Rating: 5/5 Stars
(Before my review, can we just discuss the beautiful cover artwork? Lauren Dane’s books always have gorgeous covers, but I think this one takes the cake for me!)
Beauty is more than skin-deep…
Tattoo artist Raven Smith is blunt and hard, broken and jaded, dark and beautiful. While she doesn’t hide her painful past, she does keep a wall around her heart. She’s free sexually—but no one gets to the real Raven beneath the prickly exterior.
With a voice like smoke, Jonah Warner is a smooth-talking, highly successful attorney, with a body that should never be hidden by a suit. He’s the kind of man who never takes no for an answer and always gets what he wants. And what he wants is Raven. She’s a survivor, and he finds that incredibly alluring.
Jonah gets under her skin in a way Raven has never experienced. He makes her break all her rules—including her no-monogamy rule.
But when a figure from Raven’s past shows up at the tattoo parlor and drops a bomb into her life, their relationship will face the ultimate challenge…
I clearly remember my first time reading one of Lauren Dane’s books. I hadn’t read anything even remotely steamy before I caved and bought into the FSoG craze, and my next pick was the first book in the Brown Siblings series. I remember getting to page 15 and taking a screenshot to send to my sister-in-law with the caption “This is the most deliciously dirty thing I have ever read.” Obviously, she has now read plenty of Dane as well.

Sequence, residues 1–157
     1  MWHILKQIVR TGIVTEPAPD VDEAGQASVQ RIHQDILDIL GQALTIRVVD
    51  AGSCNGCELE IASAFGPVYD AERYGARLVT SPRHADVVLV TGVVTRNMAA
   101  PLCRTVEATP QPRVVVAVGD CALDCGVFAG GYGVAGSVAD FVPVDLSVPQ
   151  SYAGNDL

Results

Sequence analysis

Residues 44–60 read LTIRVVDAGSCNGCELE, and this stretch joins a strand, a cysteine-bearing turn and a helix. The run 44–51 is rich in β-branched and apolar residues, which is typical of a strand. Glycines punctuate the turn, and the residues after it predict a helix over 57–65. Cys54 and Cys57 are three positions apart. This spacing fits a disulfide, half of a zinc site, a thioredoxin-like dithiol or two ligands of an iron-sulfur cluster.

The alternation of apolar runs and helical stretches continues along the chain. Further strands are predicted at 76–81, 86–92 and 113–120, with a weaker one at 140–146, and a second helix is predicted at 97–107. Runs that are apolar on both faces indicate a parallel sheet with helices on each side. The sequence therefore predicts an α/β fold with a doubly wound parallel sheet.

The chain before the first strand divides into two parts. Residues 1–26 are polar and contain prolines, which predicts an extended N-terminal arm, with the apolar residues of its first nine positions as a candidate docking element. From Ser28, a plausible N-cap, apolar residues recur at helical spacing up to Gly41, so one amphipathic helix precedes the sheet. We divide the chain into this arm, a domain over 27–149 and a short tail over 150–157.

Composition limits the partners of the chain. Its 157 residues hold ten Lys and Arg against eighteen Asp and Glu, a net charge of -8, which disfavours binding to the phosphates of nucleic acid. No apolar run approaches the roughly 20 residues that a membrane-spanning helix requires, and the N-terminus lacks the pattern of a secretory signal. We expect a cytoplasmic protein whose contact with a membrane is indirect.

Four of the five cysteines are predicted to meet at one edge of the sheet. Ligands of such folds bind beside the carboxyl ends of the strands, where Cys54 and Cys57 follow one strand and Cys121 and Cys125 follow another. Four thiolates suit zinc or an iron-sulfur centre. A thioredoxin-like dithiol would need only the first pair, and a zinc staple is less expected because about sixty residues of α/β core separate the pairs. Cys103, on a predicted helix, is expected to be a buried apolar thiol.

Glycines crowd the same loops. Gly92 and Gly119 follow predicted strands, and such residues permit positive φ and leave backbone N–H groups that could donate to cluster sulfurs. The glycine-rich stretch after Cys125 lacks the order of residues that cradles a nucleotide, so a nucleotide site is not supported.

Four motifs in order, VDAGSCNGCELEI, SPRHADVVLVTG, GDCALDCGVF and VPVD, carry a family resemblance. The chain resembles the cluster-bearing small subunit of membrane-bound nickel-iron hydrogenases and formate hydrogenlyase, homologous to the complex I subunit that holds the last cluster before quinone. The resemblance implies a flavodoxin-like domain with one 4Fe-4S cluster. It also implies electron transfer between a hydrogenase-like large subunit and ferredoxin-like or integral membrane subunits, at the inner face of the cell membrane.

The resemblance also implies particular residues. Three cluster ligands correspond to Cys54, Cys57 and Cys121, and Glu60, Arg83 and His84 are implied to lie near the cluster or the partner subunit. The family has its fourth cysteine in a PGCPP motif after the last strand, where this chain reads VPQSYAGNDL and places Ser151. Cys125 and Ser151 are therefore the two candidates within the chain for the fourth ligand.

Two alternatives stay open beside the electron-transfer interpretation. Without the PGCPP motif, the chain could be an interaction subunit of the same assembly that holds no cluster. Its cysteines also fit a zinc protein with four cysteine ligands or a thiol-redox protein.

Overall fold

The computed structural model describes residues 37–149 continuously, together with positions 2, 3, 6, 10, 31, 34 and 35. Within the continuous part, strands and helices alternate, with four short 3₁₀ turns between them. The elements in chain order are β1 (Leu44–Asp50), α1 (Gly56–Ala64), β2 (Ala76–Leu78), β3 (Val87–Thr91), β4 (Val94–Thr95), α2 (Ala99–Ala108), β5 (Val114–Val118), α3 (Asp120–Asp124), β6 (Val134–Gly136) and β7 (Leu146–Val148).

Dane’s books have a little of everything that I love to read. The characters are so well written, I feel as if I’ve known some of them all of my life. I have my favourites, and my not-so-favourites. Maybe that isn’t the greatest segue, but now let’s talk about Raven. Raven was on my shit list from book one. Unlike what I’ve seen from others, my feelings for Raven had nothing to do with her promiscuity. Girl is a siren and she owns it, and that is all A-okay with me, I just didn’t like her as a person. Okay, I’m also 100% Team Brody Brown, and she was a nasty wench to him. What can I say? I shook my head at her, I judged her, I rolled my eyes at her, and I hated her like she stole my high school boyfriend right out from underneath me. That feeling never really changed throughout the entire series – until Drawn Together.
I understood that Raven was just ….well, Raven. She made no apologies, and had a gives-no-fucks attitude that I could identify with, but I still didn’t like her. Well as if a few short chapters in this book didn’t start to change my mind. No character I’ve ever read embodies the phrase “don’t judge a book by its cover” than Raven Smith.
I think that reading this book made me think a little bit more about how we should all get to know someone before we put them into a certain stereotype check-box.
I thoroughly enjoyed Drawn Together. I love to read something that challenges my ideas about a person or subject. I really enjoyed all of the Brown Siblings books, and I had wondered why Raven got a book since she isn’t a Brown. However, I see now that she is part of their family, because they have created a place for her.
If you have read the Brown Siblings books up until this point, and like me, had some harsh feelings about Raven that might be keeping you from reading this book. Don’t set yourself up to miss out on the last book in this great series. It’s another good one from Lauren Dane, and I don’t think you’ll be disappointed.